June 25, 2012

Terri Ginsberg

William Randolph Woodson
Chancellor North Carolina State University
Raleigh North Carolina

Dear Mr. Woodson,

The Seriously Free Speech Committee is a Vancouver (B.C., Canada)-based group mandated to defend freedom of speech specifically in relation to issues of Palestinian rights or the criticism of Israeli policies. We write in support of Dr. Terri Ginsberg, whose credentials for a tenure-track position at NCSU were discounted in 2007-8 because of her expressed or implied political views. We are aware that the university’s legal counsel advised offering Dr. Ginsberg a grievance hearing, but that your predecessor as chancellor, supported by your Board of Governors, denied her this opportunity to seek a remedy.

This miscarriage of justice—devastating for the victim—is especially deplorable in light of the apparent praise given recent “Arab spring” events at the start of your 2011-2012 report (available online). The censorship of principled teachers like Dr. Ginsberg can only be seen as complicity in the continuing oppression of an already oppressed people in the Middle East, the Palestinians, with whom Dr. Ginsberg apparently expressed sympathy.

We are aware that Dr. Ginsberg has sought remediation through the courts. While it is not within our purview to address the court, we urge you to correct your predecessor’s mistake: to grant Dr. Ginsberg the grievance hearing she deserved and to offer her a substantial financial settlement to offset the financial hardship she has suffered as a consequence of the university’s apparent refusal to open itself to the play of ideas that should define higher education.

Even better would be to offer her the tenure- track position for which her department evidently considered her well qualified until the question of her politics arose. This is not the way for any university to establish a sound academic reputation, and we hope that you will see your way clear to set right, as far as it lies in your power, the injustice committed against Dr. Ginsberg.

Yours sincerely,
Sheila Delany for SFSC

June 14, 2012

Recognising and managing stress in academic life

Several surveys into occupational well-being name academics as one of the most stressed professional groups. Join our live chat, Friday 15 June, to explore how to manage academic stress.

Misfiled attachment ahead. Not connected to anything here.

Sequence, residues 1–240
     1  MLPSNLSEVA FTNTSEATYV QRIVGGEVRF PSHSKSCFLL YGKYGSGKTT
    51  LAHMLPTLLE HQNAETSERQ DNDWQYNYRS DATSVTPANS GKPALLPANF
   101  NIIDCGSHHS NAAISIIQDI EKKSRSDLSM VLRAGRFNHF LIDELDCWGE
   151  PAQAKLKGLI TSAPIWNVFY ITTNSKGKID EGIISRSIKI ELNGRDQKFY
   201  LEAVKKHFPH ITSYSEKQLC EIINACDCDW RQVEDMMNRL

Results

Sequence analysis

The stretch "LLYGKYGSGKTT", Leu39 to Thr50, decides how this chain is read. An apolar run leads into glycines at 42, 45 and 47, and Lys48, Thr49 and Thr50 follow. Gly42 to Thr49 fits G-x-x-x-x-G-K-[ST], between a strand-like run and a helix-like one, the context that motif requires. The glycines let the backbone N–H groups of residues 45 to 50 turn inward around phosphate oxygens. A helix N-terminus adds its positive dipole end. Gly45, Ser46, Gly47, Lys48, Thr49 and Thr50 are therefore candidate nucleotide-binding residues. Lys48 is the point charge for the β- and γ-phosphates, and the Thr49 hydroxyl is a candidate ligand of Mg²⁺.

Enter the words "academic stress" into any search engine and most of the articles and resources shared focus on helping students while they are at university. I know full well that higher education can be an assault on the senses, and most students will need help with a whole range of issues at some point, but how much support is there for those who make up the other part of academia, the staff of an institution?

There's evidence that support for academic staff is needed. A 2008 report from the University and College Union (UCU) revealed that most universities were failing to meet the standards for psychosocial working conditions set out by the Health and Safety Executive...

More info and details at:

June 13, 2012

The Perception of Postgraduate Students With Regard to Workplace Bullying

The main objective of the study includes the analysis of the experiences of postgraduate students regarding workplace bullying. These postgraduate students are employed in various business industries in South Africa. This study highlights the seriousness of workplace bullying. Actions need to be taken by all parties concerned to ensure that workplace bullying is adequately addressed in workplaces through policies and procedures, and by legislation. Until these changes are made, workplace bullying will continue to be a costly problem for employers and employees. An NAQ-R (Negative Act Questionnaire Revised) instrument is designed and employed to evaluate exposure to workplace bullying. The questionnaire elicits personal derogation (humiliation and personal criticism), work-related harassment (withholding of information and having one’s responsibilities removed), social isolation, physical violence, and intimidation and work overload. The research evidences that people do not recognise bullying when they experience it or do not realise when they are being bullied. The behaviour is hidden and trivial criticisms and isolating actions occur behind closed doors. In addition, professional people are too afraid to admit that they are being bullied. Interestingly, they are embarrassed, blame themselves and fear that the phenomenon would escalate.